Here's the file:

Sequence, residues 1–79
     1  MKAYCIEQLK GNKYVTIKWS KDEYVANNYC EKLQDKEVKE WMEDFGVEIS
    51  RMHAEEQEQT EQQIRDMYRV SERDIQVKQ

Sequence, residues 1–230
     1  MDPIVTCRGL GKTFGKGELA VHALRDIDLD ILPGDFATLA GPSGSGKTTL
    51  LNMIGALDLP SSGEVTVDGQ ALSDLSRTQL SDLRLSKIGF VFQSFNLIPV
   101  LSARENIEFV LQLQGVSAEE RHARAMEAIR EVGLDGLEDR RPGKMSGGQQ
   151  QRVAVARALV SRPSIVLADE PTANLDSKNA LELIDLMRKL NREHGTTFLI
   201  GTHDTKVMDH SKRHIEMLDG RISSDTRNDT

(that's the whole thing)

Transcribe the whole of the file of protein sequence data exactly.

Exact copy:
Sequence, residues 1–79
     1  MKAYCIEQLK GNKYVTIKWS KDEYVANNYC EKLQDKEVKE WMEDFGVEIS
    51  RMHAEEQEQT EQQIRDMYRV SERDIQVKQ

Sequence, residues 1–230
     1  MDPIVTCRGL GKTFGKGELA VHALRDIDLD ILPGDFATLA GPSGSGKTTL
    51  LNMIGALDLP SSGEVTVDGQ ALSDLSRTQL SDLRLSKIGF VFQSFNLIPV
   101  LSARENIEFV LQLQGVSAEE RHARAMEAIR EVGLDGLEDR RPGKMSGGQQ
   151  QRVAVARALV SRPSIVLADE PTANLDSKNA LELIDLMRKL NREHGTTFLI
   201  GTHDTKVMDH SKRHIEMLDG RISSDTRNDT